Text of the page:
Expressions of Courage
By: Bryan Sampson
Courage. Do we have it? How do we know? Has it simply be translated to boldness in your mind or is there more to it? In TCSE we talk, train, and teach a lot about courageous leadership. I believe this is for two reasons: First, for most of us courage has to be developed; harnessing the courage of Christ is a process and part of our sanctification. Secondly, without it we will never become the God-glorifying leaders Christ is calling us to be. To be an agent of light in this dark world we must become a courageous leader.
As Christians we are not intended to go through life and not lead. We should be leading others to Christ, leading our families, leading in our churches, leading in our jobs and ministries, and leading ourselves in a way that magnifies the supremacy of the Lord Jesus Christ in all things. The thought that “I am a better follower than leader” should only be accepted in certain contexts and never become a part of our identity. We are ambassadors of Christ, the King of kings and Lord of lords, so we must see the saliency of having courage for such a position (2 Cor. 5:20).
So what are some expressions that a courageous leader exhibits? Stanley (2003) gives us three expressions of courage that are essential for those who aspire to be leaders worth following:
- The Courage to Say No. How disciplined is your life? Have you bought into the belief that doing more is going to bring you greater success? This is a pitfall for most, myself included. It can be difficult to turn away opportunities. But remember, as Mike Nappa puts it, “opportunity does not equal obligation”. Having the ability to identify and focusing on the few key things is a hallmark of great leadership (p.69). Don’t allow the many good opportunities to divert your attention from the one opportunity that has the greatest potential (p.70). Don’t fear missing an opportunity, fear missing the moment you’re currently in.
- The Courage to Face Current Reality. We can’t escape our biases but we can become aware of how these will skew our reality. Falling into the trap of putting a positive spin on everything will serve the purpose of feeding our ego and self-esteem, but in the long run it will only cause us to lose sight of what is really happening around us. As Stanley puts it, “If you don’t know where you really are, it is impossible to get to where you need to be. What you don’t know can kill you” (p.73). Courageous leadership begins with getting people to confront the brutal facts and to act on the implications. I encourage you to study p.74 and review the seven commandments of current reality Stanley puts forth to help yourself live in reality.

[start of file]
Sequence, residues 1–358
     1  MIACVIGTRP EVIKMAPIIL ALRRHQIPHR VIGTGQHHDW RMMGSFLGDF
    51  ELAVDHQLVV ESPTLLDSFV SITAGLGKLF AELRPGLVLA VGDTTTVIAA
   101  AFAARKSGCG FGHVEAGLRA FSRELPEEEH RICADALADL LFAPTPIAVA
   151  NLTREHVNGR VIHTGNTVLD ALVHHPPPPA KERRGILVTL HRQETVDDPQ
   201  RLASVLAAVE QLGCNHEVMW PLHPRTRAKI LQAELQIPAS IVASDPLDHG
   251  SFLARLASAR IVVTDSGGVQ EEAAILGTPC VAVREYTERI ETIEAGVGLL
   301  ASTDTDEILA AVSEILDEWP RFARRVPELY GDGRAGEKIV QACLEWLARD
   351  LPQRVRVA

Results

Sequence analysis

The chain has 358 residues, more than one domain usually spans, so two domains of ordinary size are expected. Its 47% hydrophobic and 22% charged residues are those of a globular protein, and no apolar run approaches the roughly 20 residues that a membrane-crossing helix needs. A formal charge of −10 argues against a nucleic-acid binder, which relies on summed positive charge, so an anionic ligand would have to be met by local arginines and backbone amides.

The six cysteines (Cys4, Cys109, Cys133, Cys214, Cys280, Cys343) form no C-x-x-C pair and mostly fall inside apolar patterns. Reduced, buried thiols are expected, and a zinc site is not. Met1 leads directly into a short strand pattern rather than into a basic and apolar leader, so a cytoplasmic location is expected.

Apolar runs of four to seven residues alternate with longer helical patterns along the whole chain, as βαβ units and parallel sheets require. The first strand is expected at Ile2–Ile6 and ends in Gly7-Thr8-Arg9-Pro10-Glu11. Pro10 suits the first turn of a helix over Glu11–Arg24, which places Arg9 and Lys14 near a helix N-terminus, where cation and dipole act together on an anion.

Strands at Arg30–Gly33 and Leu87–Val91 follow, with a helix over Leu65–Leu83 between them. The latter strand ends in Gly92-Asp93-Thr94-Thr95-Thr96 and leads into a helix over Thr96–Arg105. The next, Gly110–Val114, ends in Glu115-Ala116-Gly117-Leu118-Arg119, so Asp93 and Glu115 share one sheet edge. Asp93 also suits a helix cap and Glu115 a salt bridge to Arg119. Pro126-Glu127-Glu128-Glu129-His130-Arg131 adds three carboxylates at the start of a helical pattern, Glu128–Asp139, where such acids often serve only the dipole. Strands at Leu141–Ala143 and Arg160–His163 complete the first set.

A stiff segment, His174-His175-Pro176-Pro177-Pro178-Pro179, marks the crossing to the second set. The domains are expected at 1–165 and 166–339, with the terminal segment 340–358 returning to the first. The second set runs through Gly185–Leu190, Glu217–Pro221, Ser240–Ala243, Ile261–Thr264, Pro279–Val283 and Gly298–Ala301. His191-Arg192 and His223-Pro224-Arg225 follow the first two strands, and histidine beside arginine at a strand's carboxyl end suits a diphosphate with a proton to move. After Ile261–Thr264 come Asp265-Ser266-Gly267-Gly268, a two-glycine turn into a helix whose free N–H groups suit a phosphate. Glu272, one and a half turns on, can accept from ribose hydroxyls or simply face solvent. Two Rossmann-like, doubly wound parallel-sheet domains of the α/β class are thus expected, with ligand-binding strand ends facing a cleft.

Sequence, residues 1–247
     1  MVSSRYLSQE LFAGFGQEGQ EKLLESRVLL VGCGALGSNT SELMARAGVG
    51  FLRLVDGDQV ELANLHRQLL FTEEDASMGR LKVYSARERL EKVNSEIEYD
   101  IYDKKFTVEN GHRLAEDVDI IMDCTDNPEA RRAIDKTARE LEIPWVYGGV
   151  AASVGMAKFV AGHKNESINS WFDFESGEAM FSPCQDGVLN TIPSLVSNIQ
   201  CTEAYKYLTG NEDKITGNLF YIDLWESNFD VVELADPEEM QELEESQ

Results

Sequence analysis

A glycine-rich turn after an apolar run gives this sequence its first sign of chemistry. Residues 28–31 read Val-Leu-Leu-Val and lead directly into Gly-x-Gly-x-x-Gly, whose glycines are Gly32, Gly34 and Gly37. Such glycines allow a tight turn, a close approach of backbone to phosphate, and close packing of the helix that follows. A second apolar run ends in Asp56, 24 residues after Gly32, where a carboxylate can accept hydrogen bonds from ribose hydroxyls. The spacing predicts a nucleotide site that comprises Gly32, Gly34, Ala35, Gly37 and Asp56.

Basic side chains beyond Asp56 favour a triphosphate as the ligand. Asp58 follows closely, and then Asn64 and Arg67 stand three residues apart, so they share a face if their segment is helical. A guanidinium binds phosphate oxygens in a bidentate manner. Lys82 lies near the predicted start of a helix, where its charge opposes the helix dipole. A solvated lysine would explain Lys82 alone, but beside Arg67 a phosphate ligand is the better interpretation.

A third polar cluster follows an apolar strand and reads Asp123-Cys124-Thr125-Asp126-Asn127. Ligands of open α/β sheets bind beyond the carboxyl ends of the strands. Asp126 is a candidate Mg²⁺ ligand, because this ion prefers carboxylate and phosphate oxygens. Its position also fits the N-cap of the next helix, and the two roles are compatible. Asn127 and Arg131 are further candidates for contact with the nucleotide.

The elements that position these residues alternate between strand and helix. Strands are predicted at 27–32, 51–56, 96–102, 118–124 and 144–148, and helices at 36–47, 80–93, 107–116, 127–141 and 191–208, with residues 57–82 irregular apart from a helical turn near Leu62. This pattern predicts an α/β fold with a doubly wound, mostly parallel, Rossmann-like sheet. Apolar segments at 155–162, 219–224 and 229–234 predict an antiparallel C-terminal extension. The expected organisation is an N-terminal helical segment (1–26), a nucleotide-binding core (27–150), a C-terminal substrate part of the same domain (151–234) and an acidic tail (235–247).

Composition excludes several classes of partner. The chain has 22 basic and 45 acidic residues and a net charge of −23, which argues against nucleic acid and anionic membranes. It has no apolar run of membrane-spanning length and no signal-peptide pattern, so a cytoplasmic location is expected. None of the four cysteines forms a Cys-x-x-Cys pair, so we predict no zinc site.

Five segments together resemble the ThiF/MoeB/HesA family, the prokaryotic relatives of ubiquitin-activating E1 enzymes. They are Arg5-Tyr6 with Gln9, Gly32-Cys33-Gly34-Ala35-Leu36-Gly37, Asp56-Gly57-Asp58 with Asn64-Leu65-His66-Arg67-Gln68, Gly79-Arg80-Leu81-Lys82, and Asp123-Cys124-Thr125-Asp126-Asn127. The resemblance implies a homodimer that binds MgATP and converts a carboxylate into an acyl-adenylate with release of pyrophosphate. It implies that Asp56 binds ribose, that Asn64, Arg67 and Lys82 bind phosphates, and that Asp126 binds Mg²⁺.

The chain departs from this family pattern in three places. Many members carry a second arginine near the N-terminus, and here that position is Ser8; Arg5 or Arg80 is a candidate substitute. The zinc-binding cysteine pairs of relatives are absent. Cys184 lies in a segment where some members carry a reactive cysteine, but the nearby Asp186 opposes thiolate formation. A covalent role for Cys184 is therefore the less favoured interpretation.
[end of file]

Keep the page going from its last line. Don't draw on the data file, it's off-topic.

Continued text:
- The Courage to Dream. It’s easy to get stuck in a routine, sucked into the monotony of how things have always been done. Complacent. If there is one attribute we never want to lose as we mature, it is the ability to dream. Dream about what you could be and should be and dream about what our ministry could be and should be. When was the last time you let your mind wander outside the boundaries of what is and began to create a mental picture of what could be? “Dream no small dreams, for they stir not the hearts of men” (p.79).
There is no bigger dream for our generation than to put hope within reach of every addict. Such a move from God will only be made through those who are operating in the courage that only Christ can give, so pray and begin to express it today!
Stanley, A. (2003). The next geneartion leader: Five essential for those who will shape the future. New York: Multnomah.